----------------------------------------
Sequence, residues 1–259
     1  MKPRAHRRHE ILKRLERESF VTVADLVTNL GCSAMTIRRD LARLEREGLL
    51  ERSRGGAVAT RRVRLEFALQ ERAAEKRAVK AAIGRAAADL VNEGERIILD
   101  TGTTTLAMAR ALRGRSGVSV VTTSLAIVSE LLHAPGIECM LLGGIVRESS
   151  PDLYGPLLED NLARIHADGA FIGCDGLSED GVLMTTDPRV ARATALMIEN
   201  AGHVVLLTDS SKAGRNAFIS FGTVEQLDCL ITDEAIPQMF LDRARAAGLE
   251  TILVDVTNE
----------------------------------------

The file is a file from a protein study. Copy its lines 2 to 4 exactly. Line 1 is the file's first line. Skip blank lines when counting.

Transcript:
     1  MKPRAHRRHE ILKRLERESF VTVADLVTNL GCSAMTIRRD LARLEREGLL
    51  ERSRGGAVAT RRVRLEFALQ ERAAEKRAVK AAIGRAAADL VNEGERIILD
   101  TGTTTLAMAR ALRGRSGVSV VTTSLAIVSE LLHAPGIECM LLGGIVRESS